Two years ago, I attended a paperback fair in the basement of a dank Victorian hotel that smelled of stale breakfast, and I found myself the only punter in a room of 70 booksellers. It felt as if I was attending the wake of an unloved relative. As I loaded my arms with musty, cheap pocketbooks I wondered if this would be the last of such events to be held.
This year, I returned and had to queue for 20 minutes to get in because the fair was mobbed. Two factors had changed the forgotten paperback landscape; the arrival of ebooks has sounded a virtual death-knell for the traditional paperback (not so the hardback, which now has gift status), and social networking had spread news of the event. Mass-market paperbacks (the smallest ones) are now becoming finite and therefore desirable. With collectability comes increased knowledge, and more readers are aware that popular authors often wrote under pseudonyms, so their works are being sought out. This leads to the humble paperback being read as an accidental roman-à-clef. Many authors were "intensely private" – coding for gay. Others, like the children's author Edith Nesbitt (see columns passim), had highly unconventional sex lives. So, part of the pleasure here comes from glimpsing the author within their least-regarded books.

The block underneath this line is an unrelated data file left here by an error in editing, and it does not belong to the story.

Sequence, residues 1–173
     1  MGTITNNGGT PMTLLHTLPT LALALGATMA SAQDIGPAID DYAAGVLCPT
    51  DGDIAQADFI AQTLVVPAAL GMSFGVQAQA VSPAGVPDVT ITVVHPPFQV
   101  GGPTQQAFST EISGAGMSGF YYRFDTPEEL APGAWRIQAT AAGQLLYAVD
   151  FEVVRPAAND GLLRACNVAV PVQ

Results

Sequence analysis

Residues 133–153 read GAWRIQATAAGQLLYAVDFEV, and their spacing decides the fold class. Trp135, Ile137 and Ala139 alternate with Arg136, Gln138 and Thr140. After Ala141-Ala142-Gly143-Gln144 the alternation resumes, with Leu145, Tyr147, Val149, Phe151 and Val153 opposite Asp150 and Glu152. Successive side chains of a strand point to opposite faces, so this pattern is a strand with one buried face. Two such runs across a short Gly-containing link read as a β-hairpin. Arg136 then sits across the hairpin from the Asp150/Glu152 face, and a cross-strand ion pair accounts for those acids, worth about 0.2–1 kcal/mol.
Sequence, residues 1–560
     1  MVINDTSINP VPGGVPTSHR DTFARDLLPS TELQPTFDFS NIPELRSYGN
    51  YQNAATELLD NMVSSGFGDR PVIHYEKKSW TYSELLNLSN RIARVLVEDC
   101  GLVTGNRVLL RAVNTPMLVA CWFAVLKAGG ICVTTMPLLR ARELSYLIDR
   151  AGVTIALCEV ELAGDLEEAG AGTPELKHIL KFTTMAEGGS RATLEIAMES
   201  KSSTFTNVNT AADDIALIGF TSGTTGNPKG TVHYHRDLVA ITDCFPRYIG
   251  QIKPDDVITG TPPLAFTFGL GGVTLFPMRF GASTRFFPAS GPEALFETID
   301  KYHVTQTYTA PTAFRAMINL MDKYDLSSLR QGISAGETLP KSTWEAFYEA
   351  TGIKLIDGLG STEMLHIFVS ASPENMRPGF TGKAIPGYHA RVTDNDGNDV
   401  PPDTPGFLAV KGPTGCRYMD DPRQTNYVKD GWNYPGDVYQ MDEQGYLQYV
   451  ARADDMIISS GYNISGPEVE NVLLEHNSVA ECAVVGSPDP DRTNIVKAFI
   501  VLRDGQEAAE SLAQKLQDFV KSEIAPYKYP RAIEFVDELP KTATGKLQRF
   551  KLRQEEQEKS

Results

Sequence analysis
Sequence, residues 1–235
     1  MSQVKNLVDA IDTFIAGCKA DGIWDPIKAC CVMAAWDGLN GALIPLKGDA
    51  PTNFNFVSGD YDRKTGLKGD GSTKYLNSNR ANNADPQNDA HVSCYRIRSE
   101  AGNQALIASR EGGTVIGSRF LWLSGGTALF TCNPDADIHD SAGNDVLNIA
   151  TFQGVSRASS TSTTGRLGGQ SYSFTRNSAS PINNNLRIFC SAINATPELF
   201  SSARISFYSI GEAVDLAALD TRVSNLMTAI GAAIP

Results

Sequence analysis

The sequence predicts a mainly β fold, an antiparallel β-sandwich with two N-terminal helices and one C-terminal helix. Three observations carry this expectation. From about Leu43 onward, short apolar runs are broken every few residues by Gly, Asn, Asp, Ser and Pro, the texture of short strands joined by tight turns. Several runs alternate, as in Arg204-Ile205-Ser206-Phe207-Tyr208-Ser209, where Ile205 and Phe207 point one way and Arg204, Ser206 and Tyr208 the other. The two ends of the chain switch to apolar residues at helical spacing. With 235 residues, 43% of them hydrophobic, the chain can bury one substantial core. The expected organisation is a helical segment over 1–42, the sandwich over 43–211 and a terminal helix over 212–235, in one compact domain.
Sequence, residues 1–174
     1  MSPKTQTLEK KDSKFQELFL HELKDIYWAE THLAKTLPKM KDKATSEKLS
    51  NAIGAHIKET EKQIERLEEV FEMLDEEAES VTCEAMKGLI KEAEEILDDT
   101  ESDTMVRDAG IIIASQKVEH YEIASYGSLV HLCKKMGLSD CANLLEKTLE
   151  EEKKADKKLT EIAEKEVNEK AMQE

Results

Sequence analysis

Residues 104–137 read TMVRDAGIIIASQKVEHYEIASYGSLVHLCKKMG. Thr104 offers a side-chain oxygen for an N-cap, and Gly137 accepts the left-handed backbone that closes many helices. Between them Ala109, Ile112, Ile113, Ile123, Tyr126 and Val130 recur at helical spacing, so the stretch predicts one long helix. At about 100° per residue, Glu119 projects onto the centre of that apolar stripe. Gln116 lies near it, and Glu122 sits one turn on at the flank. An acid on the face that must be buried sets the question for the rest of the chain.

For example, a handsome young novelist named Hugh Wheeler wrote Sweeney Todd for Stephen Sondheim, but little is known about him. Some digging proved he was not American, as usually suggested, but English, and had penned thrillers under the pseudonym Patrick Quentin. I began to suspect that Wheeler was "intensely private" when I read Puzzle for Puppets, in which two lines are spent describing the detective's wife and half a page is reserved for descriptions of the muscular marines in a San Francisco bathhouse. The backstory to the Puzzle books grows more complicated when you realise there were a number of collaborators, and that they may have been romantically involved. Search the forums on these authors and you'll quickly lose a day.
Old paperbacks can be enjoyed for the wrong reasons; not for plotting or characters, but for incidental details. Reading the Puzzle books is akin to watching On the Town for street scenes of New York in the 1940s. It is popular culture that offers the key to the times, not classic literature. There is one downside to the surge of interest in missing authors, though; the prices of the most desirable paperbacks are, unsurprisingly, skyrocketing.Reuse content